Tracing the Threads project is helping to create a brand new gallery about the history of Batley. © Kirklees Museums
Local people are helping to shape the look, feel and content of a brand new gallery about the history of Batley and its people at Yorkshire’s Bagshaw Museum.
The museum in Wilton Park, Batley, is currently undergoing a major programme of improvements that will see a lift installed and two rooms turned into a Batley Stories Gallery.
Chief among the new improvements will be the transformation of the gallery to reflect local ideas and wishes.
“We have been to many local groups and asked them what would you like to see, what would you like to be able to touch in the gallery? How do you want the gallery to feel?” explained Kim Strickson, Outreach Co-ordinator for Kirklees Museums and Galleries.
Stories are recorded carefully by the Tracing the Threads team. © Kirklees Museums
As part of this process people have provided lots of stories that will feed into the new gallery. The past few months have seen scores of people contact Kirklees Museum and Galleries with their stories for inclusion. They have even come up with a name: ‘Batley’s Varieties’ in a nod to Batley’s famous theatre.
The unearthing of these hitherto hidden treasures and ideas is part of a Lottery funded project called Tracing the Threads. It is quickly becoming the vital component in shaping how the new gallery will look.
“What we could have done is simply decide to use what we already have and what we already know, and say: ‘here are the artefacts, this is the history of Batley’, but we know there are lots of hidden local artefacts, hidden local knowledge and hidden local stories out there,” said Kim “That’s what this project is all about – finding out what’s hidden out there.”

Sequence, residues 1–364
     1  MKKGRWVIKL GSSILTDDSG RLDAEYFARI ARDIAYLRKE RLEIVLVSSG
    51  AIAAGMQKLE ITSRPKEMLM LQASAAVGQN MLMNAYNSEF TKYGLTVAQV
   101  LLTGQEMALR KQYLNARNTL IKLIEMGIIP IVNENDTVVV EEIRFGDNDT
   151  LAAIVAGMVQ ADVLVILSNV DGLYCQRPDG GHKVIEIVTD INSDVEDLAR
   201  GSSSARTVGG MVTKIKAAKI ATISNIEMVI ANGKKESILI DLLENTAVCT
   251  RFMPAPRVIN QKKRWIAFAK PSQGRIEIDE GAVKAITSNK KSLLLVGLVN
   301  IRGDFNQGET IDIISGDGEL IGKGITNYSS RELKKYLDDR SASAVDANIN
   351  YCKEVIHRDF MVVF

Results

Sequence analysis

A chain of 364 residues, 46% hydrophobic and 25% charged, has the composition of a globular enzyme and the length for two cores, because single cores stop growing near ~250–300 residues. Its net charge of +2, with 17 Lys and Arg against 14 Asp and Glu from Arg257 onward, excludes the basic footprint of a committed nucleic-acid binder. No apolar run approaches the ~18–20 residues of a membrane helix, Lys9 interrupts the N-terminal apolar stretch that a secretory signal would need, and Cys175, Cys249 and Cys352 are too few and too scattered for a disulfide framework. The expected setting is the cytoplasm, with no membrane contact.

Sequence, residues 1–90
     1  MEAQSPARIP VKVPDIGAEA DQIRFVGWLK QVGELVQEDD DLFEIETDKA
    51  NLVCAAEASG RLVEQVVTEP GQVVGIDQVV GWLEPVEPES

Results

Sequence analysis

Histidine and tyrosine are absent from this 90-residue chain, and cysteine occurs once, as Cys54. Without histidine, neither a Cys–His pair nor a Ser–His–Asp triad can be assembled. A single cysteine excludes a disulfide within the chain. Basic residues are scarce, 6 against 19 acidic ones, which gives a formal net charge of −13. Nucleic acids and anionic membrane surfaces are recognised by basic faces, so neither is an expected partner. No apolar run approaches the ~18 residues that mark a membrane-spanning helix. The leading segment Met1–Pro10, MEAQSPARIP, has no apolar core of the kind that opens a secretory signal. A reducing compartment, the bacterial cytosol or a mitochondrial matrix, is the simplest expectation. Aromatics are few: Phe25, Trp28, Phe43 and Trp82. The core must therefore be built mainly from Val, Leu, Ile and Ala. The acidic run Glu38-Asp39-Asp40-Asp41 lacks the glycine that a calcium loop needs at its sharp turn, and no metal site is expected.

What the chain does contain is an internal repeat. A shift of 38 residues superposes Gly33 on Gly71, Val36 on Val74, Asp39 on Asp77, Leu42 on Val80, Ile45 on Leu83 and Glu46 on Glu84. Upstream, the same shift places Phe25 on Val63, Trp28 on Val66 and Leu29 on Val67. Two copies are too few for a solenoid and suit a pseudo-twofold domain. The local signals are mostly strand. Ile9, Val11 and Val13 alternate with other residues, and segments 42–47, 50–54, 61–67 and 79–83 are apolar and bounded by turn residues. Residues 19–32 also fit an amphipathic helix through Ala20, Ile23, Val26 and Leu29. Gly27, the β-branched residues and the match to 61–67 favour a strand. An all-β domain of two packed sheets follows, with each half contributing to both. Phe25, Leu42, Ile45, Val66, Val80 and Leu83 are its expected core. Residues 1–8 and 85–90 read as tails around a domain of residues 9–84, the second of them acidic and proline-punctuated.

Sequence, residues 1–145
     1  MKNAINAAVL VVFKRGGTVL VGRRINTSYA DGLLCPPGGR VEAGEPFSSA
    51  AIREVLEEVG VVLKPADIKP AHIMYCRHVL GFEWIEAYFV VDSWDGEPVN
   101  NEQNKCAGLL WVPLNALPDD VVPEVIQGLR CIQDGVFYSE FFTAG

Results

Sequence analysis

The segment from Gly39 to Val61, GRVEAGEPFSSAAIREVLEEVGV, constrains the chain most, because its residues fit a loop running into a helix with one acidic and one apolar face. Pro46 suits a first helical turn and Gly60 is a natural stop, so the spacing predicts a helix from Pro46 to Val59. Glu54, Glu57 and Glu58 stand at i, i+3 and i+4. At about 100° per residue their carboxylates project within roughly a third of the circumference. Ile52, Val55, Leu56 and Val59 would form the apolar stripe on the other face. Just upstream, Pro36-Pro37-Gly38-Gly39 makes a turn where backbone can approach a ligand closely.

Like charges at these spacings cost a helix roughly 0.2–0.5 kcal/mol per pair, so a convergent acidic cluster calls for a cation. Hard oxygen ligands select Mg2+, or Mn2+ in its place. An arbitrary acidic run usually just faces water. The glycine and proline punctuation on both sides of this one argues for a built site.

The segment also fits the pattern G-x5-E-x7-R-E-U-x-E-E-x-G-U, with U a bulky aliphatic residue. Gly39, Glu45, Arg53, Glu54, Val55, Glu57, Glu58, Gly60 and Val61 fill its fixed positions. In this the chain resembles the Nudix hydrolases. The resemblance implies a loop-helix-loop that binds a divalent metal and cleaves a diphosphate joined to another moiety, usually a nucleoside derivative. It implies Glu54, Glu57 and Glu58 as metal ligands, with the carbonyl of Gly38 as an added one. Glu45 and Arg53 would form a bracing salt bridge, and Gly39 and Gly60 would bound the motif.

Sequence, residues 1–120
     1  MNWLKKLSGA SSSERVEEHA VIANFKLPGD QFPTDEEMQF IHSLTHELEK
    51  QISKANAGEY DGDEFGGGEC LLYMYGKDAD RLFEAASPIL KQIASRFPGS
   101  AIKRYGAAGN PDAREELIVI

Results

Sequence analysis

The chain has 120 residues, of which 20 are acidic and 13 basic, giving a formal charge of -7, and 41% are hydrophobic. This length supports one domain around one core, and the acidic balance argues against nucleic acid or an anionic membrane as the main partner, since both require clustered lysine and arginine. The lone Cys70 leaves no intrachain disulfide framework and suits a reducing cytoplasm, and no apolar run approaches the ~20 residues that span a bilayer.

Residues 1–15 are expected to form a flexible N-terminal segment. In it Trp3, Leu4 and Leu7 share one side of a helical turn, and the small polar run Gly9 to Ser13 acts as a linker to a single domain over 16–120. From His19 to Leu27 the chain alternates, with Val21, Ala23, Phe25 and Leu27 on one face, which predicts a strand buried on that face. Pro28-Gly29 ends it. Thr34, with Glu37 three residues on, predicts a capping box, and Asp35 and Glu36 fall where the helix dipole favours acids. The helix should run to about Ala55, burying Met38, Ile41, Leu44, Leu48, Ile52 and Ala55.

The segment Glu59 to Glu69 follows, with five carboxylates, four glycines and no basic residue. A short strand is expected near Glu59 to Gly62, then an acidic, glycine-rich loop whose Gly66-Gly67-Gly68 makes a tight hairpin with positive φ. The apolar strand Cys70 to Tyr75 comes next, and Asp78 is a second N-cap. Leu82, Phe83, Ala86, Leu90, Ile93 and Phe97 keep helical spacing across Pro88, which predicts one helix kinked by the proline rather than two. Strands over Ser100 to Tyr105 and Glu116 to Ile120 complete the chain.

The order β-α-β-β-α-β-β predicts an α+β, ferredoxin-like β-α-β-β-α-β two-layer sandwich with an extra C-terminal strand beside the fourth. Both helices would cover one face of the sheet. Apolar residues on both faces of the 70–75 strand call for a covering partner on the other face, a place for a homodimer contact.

Among the stories shared as part of the Tracing the Threads project, is the story of the first Asian marriage in Batley, when the partners were not in the same country and were married by proxy.
The museum wants stories from people who have worked at one of Batley’s famous landmarks – Fox’s Biscuits. © Kirklees Museums
Another tells of local lass, Doris Launders, who became the youngest ever manageress in Yorkshire of a Drivers store - in Batley in 1941. Doris now lives in Leeds and has also supplied wonderful tales about the Open Air School at Bagshaw Museum and about her uncle who was an unsung hero of the Great War.
Stories are recorded carefully and pictures are scanned and then fed into the design team who are using them to inform the look, feel and design of the new galleries.
It’s a lengthy process, but one that Kim sees as essential. “At the moment the museum is closed,” she added, “but this keeps the interest going with the public because we’re talking to them all the time.”
“It’s like a big consultation programme, we have done it before with our South Asian Gallery and we have found that people are very generous and very keen to get involved.”
The consultation process will stop in Spring 2008 with the three-year refurbishment project completed by late 2009/early 2010.
The Bagshaw Museum in Wilton Park, Batley. © Kirklees Musuem
In the meantime staff at the gallery are encouraging people to reveal more of Batley’s hidden secrets. “So far the Asian community have responded wholeheartedly and we’ve had a lot of involvement from the wider local community but we’re concerned that we want to cover the stories of the local Irish and Polish communities too,” said Kim.
The Tracing the Threads team is also interested in stories, however small, from people who have worked at or had connections with two of Batley’s famous landmarks – Fox’s Biscuits and the Batley Variety Club.
People wanting to pass on stories should contact Mashuda Shaikh at Kirklees Museums and Galleries, tel: 01484 223800 or email firstname.lastname@example.org